Sparkling at the centre of this beautiful NASA/ESA Hubble Space Telescope image is a Wolf–Rayet star known as WR 31a, located about 30 000 light-years away in the constellation of Carina (The Keel). The distinctive blue bubble appearing to encircle WR 31a, and its uncatalogued stellar sidekick, is a Wolf–Rayet nebula — an interstellar cloud of dust, hydrogen, helium and other gases. Created when speedy stellar winds interact with the outer layers of hydrogen ejected by Wolf–Rayet stars, these nebulae are frequently ring-shaped or spherical. The bubble — estimated to have formed around 20 000 years ago — is expanding at a rate of around 220 000 kilometres per hour! Unfortunately, the lifecycle of a Wolf–Rayet star is only a few hundred thousand years — the blink of an eye in cosmic terms. Despite beginning life with a mass at least 20 times that of the Sun, Wolf–Rayet stars typically lose half their mass in less than 100 000 years. And WR 31a is no exception to this case. It will, therefore, eventually end its life as a spectacular supernova, and the stellar material expelled from its explosion will later nourish a new generation of stars and planets.
Sparkling at the centre of this beautiful NASA/ESA Hubble Space Telescope image is a Wolf–Rayet star known as WR 31a, located about 30 000 light-years away in the constellation of Carina (The Keel). The distinctive blue bubble appearing to encircle WR 31a, and its uncatalogued stellar sidekick, is a Wolf–Rayet nebula — an interstellar cloud of dust, hydrogen, helium and other gases. Created when speedy stellar winds interact with the outer layers of hydrogen ejected by Wolf–Rayet stars, these nebulae are frequently ring-shaped or spherical. The bubble — estimated to have formed around 20 000 years ago — is expanding at a rate of around 220 000 kilometres per hour! Unfortunately, the lifecycle of a Wolf–Rayet star is only a few hundred thousand years — the blink of an eye in cosmic terms. Despite beginning life with a mass at least 20 times that of the Sun, Wolf–Rayet stars typically lose half their mass in less than 100 000 years. And WR 31a is no exception to this case. It will, therefore, eventually end its life as a spectacular supernova, and the stellar material expelled from its explosion will later nourish a new generation of stars and planets.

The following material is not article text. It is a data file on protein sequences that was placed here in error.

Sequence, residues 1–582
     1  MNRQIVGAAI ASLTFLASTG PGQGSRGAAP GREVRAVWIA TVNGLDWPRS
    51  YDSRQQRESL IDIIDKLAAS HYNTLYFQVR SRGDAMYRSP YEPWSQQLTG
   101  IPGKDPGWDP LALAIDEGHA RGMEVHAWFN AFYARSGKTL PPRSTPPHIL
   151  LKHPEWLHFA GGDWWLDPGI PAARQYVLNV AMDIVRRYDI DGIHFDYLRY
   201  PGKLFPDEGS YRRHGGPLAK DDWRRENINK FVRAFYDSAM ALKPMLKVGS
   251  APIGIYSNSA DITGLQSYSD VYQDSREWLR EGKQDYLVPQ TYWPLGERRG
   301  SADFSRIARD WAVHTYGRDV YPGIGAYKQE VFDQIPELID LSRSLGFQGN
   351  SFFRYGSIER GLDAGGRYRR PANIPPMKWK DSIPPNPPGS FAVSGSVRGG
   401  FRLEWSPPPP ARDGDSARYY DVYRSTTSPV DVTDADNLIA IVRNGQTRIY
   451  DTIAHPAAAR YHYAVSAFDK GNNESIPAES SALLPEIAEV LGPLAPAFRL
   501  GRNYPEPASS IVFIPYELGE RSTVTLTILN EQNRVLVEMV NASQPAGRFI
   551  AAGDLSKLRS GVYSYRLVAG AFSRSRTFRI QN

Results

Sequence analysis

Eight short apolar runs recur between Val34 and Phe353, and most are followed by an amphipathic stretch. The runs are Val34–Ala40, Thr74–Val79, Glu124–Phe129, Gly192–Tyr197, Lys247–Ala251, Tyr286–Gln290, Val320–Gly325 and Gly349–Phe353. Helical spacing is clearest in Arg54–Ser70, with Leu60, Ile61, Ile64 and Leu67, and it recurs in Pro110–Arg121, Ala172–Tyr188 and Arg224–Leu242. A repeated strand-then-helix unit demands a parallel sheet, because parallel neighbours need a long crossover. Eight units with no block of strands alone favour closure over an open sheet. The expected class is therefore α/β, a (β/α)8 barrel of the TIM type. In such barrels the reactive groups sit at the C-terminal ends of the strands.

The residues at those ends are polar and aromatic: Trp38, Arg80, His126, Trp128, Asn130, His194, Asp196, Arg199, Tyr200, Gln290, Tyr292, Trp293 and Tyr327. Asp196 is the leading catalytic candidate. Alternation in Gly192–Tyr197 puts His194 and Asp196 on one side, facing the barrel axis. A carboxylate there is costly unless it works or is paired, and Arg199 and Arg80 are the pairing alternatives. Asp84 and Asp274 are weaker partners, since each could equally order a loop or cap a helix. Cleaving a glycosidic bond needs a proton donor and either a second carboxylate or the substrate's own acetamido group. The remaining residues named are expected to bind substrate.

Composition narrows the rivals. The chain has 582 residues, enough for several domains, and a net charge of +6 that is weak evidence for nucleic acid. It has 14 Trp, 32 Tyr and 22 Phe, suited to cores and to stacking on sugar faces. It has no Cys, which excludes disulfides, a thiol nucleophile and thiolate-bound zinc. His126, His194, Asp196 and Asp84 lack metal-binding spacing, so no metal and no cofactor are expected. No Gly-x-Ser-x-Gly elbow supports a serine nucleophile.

yep, that’s it. where did that text come from?

( it automatically showed up with the .jpg, thanks to NASA, who understand the inner workings of .jpg files ! )